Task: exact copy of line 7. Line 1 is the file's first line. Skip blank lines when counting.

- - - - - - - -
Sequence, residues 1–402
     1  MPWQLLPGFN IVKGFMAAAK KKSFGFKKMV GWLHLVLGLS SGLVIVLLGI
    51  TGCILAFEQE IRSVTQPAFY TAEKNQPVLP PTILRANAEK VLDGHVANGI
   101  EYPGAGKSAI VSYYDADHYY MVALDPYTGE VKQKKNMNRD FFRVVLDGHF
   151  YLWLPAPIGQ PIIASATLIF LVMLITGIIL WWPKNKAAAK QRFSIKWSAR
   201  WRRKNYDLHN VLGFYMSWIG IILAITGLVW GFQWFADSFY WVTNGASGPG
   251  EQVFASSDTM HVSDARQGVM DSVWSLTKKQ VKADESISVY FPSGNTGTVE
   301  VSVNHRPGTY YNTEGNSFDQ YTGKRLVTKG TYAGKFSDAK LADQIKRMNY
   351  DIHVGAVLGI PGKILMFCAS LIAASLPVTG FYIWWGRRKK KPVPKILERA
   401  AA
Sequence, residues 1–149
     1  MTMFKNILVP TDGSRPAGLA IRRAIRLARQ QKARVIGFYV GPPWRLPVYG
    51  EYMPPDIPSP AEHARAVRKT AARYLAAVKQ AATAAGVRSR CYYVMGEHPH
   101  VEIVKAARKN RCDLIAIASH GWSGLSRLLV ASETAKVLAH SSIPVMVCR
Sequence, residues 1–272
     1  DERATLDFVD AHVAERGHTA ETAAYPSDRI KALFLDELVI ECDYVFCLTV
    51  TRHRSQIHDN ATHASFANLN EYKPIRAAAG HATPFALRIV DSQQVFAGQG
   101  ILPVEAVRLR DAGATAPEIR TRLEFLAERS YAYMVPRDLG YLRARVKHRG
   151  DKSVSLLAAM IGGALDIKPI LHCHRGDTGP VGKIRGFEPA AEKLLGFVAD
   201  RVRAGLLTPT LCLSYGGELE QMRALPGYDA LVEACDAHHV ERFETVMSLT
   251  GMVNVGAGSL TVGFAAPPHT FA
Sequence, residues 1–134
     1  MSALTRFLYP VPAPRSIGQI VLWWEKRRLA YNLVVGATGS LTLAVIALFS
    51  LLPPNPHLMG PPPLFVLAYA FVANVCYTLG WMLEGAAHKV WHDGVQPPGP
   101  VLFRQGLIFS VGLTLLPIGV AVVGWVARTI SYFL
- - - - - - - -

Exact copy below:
   251  EQVFASSDTM HVSDARQGVM DSVWSLTKKQ VKADESISVY FPSGNTGTVE